Chant For Autumn.

A poem by George Parsons Lathrop

Veiled in visionary haze,
Behold, the ethereal autumn days
Draw near again!
In broad array,
With a low, laborious hum
These ministers of plenty come,
That seem to linger, while they steal away.

O strange, sweet charm
Of peaceful pain,
When yonder mountain's bended arm
Seems wafting o'er the harvest-plain
A message to the heart that grieves,
And round us, here, a sad-hued rain
Of leaves that loosen without number
Showering falls in yellow, umber,
Red, or russet, 'thwart the stream!
Now pale Sorrow shall encumber
All too soon these lands, I deem;
Yet who at heart believes
The autumn, a false friend,
Can bring us fatal harm?
Ah, mist-hung avenues in dream
Not more uncertainly extend
Than the season that receives
A summer's latest gleam!

But the days of death advance:
They tarry not, nor turn!
I will gather the ashes of summer
In my heart, as an urn.

Oh draw thou nearer,
Thou
Spirit of the distant height,
Whither now that slender flight
Of swallows, winging, guides my sight!
The hill cloth seem to me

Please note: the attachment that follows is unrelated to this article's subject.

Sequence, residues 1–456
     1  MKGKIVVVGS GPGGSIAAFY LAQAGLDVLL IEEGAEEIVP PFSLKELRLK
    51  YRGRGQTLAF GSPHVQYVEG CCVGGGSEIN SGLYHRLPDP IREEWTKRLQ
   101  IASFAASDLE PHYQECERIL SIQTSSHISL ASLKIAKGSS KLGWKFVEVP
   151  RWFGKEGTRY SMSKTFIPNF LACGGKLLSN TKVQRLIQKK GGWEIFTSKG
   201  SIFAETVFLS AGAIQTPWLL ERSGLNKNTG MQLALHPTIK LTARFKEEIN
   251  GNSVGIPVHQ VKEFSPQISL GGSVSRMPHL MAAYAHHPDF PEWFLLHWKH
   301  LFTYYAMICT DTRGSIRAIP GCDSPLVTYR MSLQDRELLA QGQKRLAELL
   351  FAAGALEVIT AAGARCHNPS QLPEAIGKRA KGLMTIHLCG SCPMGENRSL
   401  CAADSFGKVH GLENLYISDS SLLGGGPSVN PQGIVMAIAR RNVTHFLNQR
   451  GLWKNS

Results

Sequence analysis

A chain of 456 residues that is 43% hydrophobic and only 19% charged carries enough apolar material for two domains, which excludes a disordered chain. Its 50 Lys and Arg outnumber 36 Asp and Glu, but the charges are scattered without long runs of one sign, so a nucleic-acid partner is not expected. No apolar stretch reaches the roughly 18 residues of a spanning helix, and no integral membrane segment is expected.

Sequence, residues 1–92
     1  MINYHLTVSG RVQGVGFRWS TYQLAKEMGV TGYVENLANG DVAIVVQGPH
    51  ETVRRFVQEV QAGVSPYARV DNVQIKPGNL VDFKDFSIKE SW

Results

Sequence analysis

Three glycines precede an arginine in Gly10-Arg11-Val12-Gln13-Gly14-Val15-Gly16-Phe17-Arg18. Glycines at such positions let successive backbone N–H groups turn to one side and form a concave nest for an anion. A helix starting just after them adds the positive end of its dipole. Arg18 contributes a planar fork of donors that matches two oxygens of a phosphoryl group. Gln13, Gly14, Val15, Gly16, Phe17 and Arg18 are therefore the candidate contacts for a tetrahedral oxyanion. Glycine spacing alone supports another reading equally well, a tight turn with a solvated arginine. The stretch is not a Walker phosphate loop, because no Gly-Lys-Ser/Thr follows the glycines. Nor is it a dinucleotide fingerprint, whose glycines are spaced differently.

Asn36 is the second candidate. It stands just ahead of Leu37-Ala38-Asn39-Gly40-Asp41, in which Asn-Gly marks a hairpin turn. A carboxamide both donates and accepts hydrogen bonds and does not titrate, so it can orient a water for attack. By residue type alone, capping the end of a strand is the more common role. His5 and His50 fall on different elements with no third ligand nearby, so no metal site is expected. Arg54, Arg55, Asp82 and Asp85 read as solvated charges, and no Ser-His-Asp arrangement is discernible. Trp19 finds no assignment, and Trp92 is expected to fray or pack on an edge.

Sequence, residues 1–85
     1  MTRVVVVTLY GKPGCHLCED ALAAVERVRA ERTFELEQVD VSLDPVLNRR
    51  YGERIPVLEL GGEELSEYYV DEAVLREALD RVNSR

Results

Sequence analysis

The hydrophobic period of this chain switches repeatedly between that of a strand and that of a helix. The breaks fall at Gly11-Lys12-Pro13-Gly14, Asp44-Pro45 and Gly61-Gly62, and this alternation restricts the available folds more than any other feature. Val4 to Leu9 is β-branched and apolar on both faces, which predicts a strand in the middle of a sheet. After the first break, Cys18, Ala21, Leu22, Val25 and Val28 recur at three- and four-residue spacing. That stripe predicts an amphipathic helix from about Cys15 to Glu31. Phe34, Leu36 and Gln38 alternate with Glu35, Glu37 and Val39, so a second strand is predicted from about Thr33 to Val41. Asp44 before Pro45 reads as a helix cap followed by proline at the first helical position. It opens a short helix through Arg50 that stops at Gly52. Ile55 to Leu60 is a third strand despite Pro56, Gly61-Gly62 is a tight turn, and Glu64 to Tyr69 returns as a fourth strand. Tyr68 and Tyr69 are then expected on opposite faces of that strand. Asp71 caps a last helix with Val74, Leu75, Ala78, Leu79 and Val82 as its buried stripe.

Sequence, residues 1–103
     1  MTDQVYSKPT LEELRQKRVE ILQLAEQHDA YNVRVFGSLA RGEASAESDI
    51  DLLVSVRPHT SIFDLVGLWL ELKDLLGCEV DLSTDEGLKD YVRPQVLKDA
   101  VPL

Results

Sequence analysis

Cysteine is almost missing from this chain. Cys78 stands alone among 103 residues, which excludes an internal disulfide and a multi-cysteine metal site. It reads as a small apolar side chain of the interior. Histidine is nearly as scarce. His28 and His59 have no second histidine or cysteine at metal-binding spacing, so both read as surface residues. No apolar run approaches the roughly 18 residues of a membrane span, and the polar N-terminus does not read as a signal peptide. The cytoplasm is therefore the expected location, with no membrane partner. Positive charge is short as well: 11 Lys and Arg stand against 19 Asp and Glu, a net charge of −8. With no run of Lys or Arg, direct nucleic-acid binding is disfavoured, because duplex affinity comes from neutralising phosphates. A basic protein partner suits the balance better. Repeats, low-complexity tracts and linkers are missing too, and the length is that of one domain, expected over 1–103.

A fading memory
Of long delight,
And in its distant blue
Half hideth from my view
This shrinking season that must now retire;
And so shall hold it, hopeful, a desire
And knowledge old as night and always new.
Draw nigher! And, with bended brow,
I will be thy reverer
Through the long winter's term!

So, when the snows hold firm,
And the brook is dumb;
When sharp winds come
To flay the hill-tops bleak,
And whistle down the creek;
While the unhappy worm
Crawls deeper down into the ground,
To 'scape Frost's jailer on his round;
Thy form to me shall speak
From the wide valley's bound,
Recall the waving of the last bird's wing,
And help me hope for spring.

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